Nissan gives a glimpse of future electric cars

Nissan makes the best-selling electric car in the world to date. Over 380,000 Nissan Leafs have been sold, and that model is now in its second generation.

But the Leaf remains Nissan’s only widely available electric car.

In an encouraging sign that the arrest of its former CEO Carlos Ghosn has not deterred the company from pushing forward, Nissan has announced plans for eight new electric models by 2022. The automaker later unveiled the Nissan IMs concept car, which, according to Nissan North America Chairman Denis Le Vot, offered a look at what Nissan plans beyond 2022.

Nissan describes the IMs, which debuted at the North American International Auto Show in Detroit earlier this month, as an “elevated sports sedan.” It has plenty of concept car clichés — like structurally challenging center-opening doors, an impractical rectangular steering wheel, and seats that look like office chairs — features that will almost certainly not appear on any production model. While the car gives a sense of what designers are thinking, Nissan did not say that this concept presaged any specific new model.

The IMs is essentially a crossover SUV with a car shape. It doesn’t have a grill, since one isn’t needed on an electric car. Narrow headlights recreate Nissan’s signature V-shaped grill outline, but with the flat metal between them.

“We looked at Nissan’s heritage and realized that some of our most successful models, such as the first-generation Murano and our Z cars, all had very simple silhouettes,” said Alfonso Albaisa, Nissan’s senior vice president for design.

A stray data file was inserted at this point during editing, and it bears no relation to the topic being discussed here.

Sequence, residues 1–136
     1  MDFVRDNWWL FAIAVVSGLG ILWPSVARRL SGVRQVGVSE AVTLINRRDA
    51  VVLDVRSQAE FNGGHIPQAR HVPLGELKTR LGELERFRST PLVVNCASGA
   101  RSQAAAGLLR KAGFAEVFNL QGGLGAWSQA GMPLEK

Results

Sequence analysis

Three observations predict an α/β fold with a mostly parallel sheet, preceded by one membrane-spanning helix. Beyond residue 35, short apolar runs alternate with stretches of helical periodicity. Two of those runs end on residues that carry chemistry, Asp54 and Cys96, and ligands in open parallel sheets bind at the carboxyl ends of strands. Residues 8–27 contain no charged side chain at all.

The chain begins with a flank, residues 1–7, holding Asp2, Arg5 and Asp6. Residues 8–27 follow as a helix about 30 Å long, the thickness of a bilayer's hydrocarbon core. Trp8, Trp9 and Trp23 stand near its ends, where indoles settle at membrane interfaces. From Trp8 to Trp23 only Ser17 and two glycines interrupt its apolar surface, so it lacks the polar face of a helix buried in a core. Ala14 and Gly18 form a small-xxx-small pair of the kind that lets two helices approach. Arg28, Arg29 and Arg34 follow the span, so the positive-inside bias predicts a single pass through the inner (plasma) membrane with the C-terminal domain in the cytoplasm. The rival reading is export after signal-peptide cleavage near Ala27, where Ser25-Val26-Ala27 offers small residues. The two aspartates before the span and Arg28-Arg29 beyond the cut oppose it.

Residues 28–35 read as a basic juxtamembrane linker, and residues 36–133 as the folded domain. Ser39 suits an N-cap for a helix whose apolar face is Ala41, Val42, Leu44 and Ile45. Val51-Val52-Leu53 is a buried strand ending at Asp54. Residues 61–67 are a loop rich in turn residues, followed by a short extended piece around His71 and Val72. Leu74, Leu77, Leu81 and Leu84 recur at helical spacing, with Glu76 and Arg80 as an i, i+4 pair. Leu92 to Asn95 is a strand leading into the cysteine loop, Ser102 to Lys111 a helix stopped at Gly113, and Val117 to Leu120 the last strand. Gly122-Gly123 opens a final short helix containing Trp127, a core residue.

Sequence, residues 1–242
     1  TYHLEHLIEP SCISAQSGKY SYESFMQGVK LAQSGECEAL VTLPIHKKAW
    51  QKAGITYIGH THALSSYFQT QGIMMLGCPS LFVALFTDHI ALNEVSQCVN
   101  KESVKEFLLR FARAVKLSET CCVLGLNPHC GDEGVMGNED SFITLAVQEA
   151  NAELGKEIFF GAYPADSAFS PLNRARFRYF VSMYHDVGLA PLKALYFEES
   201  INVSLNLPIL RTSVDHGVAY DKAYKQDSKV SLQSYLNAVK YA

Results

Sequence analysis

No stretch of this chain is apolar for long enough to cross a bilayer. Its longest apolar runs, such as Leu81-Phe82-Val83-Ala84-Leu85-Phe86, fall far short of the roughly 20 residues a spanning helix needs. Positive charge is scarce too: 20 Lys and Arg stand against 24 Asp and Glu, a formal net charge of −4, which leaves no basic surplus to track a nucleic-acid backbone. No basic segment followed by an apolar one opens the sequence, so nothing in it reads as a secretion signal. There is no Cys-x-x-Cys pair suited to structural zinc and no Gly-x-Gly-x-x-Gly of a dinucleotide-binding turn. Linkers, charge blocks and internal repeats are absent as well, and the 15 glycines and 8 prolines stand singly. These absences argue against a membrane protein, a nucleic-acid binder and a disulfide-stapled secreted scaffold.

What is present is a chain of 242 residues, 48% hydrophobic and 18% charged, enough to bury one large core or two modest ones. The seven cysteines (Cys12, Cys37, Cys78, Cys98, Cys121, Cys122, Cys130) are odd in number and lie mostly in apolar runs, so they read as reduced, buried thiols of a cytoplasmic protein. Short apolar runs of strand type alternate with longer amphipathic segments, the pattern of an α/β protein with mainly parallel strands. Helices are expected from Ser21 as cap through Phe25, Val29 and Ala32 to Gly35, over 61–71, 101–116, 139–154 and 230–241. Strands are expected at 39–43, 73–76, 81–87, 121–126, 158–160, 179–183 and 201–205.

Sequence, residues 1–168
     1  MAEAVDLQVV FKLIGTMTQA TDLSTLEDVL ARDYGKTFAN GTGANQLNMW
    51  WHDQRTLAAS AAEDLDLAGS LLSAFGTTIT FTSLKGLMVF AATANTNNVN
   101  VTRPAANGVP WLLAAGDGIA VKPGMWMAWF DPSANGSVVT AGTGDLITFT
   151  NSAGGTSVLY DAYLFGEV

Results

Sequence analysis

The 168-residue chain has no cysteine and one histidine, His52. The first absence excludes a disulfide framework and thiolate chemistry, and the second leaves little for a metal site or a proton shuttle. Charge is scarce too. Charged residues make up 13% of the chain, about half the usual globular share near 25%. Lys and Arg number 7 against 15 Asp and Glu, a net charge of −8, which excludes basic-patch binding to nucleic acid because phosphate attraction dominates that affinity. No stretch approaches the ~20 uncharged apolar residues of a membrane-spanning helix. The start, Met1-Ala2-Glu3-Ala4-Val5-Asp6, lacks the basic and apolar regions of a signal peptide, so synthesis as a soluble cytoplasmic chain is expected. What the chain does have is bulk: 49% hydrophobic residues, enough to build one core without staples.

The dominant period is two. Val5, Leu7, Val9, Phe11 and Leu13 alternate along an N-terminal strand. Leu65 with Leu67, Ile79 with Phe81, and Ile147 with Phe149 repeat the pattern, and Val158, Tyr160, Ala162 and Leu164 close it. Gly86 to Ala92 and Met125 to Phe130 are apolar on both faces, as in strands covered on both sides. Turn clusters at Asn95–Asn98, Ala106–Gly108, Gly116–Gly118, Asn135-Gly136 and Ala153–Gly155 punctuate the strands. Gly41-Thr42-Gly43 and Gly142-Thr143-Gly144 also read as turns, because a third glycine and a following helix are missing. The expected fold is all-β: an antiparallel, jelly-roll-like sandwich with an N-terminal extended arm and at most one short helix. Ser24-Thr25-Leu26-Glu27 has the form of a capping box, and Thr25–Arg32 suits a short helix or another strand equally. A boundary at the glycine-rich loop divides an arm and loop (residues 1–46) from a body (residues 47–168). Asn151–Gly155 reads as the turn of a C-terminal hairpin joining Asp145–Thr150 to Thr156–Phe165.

A curved line of gold-colored aluminum along the edge of the roof was suggested by the arc of moonlight visible during a lunar eclipse, according to Nissan.

With concept cars, capabilities and specifications often exist only in a press release, but they can help illustrate what designers and engineers are working toward. As described by Nissan, the IMs has two electric motors producing a total of 483 horsepower and fully autonomous driving capabilities.

It has what Nissan calls 2+1+2 seating. The numerical name plays off of the term “2+2 seating” used to describe the interior layout of cars like the Porsche 911 with two adult-sized seats up front and two child-sized seats in the back. The IMs has two full-sized seats up front and another in the center behind them. There are also two slim folding back seats — one on each side — allowing the car to seat five, if needed.

When the IMs is running in “autonomous mode” the steering wheel retracts into the dashboard and the front seats rotate toward one another, allowing the occupants to converse more naturally.

Nissan says the concept has a 3D augmented reality system it calls Invisible-to-Visible. It relies on a system of sensors and cameras to detect things the driver might not be able to see, such as cars around corners or information about traffic up ahead. Drivers can also have a human-like 3D avatar give them directions, offer advice, or just talk. The avatar can be made to look like a family member or friend for company.